The benevolent gods at TCM have decided to bestow a rare treat on us tomorrow night: the 1968 cult film “Skidoo”, directed by Otto Preminger and starring a couple dozen actors who must have wondered what the hell they were thinking. “Skidoo” is on at 2:00 AM Eastern, January 5th, which is late Friday or early Saturday, depending on how you swing. It’s part of TCM’s Underground series. UPDATE: I should note that some cable guides and Tivo are reporting incorrect airing information. Also, this will not be shown in letterbox; the cost of rights for the letterbox version was too prohibitive. I’ve seen the pan ‘n’ scan version and it’s still worthwhile.
I won’t spoil it for you, but I thought I’d set the scene a bit. “Skidoo” is about Jackie Gleason, a legitimate business owner who finds himself in debt to the mob. He goes under cover as a prisoner to pay his debt back to the mob. Meanwhile his daughter falls for a hippie (John Phillip Law), drugs are consumed, and musical interludes involving asparagus and trash cans ensue.
This is not a good movie, but it is fun. Lord, is it fun. It’s a product of an old school Hollywood system which didn’t — and couldn’t — have understood what the youth of the late 60s was really about, so they created caricatures which must have rung as false in 1968 as they do today. There’s lots of jokes about guys with long hair looking like girls, for instance. And the cast is inexplicable; when you think counterculture, you don’t think Carol Channing, Jackie Gleason, or Groucho Marx.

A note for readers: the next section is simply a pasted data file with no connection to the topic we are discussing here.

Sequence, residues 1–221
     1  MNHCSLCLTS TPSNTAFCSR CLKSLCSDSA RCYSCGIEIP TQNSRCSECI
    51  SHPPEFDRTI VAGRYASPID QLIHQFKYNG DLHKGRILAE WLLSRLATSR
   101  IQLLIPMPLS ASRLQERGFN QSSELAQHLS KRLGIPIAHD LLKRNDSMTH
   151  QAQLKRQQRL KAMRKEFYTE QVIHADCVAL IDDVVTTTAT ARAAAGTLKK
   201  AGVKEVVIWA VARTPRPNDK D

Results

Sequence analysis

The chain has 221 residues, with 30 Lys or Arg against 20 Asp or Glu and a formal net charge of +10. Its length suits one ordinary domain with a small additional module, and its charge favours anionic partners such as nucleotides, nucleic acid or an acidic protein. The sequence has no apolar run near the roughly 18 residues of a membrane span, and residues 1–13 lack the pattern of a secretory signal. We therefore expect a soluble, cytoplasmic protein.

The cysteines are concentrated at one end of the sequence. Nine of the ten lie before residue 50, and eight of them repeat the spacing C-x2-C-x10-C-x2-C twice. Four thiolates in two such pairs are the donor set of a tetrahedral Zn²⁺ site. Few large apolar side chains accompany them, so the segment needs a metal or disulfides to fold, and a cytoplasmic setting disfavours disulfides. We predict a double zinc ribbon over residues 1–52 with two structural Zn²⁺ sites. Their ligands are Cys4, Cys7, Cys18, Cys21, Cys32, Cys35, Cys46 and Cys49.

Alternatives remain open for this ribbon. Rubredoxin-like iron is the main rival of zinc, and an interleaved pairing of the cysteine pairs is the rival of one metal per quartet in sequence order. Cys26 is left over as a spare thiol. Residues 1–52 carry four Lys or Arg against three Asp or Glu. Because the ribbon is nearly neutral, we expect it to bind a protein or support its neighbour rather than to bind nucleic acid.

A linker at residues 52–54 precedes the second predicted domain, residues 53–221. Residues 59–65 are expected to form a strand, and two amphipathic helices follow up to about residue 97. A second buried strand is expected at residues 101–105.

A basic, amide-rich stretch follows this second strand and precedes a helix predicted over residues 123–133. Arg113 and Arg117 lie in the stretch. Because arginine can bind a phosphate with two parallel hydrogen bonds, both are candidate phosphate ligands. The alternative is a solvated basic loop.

Much is made of Grouch Marx’s turn as “God”, a wise-cracking drug dealer, but I found it to be the most coherent part of the plot. Film buffs know that Rob Zombie of all people name-dropped “Skidoo” in his horror flick “The Devil’s Rejects”, specifically mentioning Groucho Marx.
My history with “Skidoo” is as odd as the film. As a kid in the 1980s, I stumbled across the 33 1/3 RPM soundtrack at the library, and checked it out dozens of times. Nothing says “popular” in junior high more than someone who is more interested in Carol Channing than Def Leppard. I loved the theme as well as Nilsson’s “Living in a Garbage Can”, and these musical moments in the film are still charming if not a bit, well, wacky. I forgot all about the film until a few years ago, when I was shocked to discover it hasn’t been released. The lengths I went to just to get a passable copy of the film!
“Skidoo” only occasionally shows on TV. Tomorrow night is one of those occasions. Don’t let it pass you by.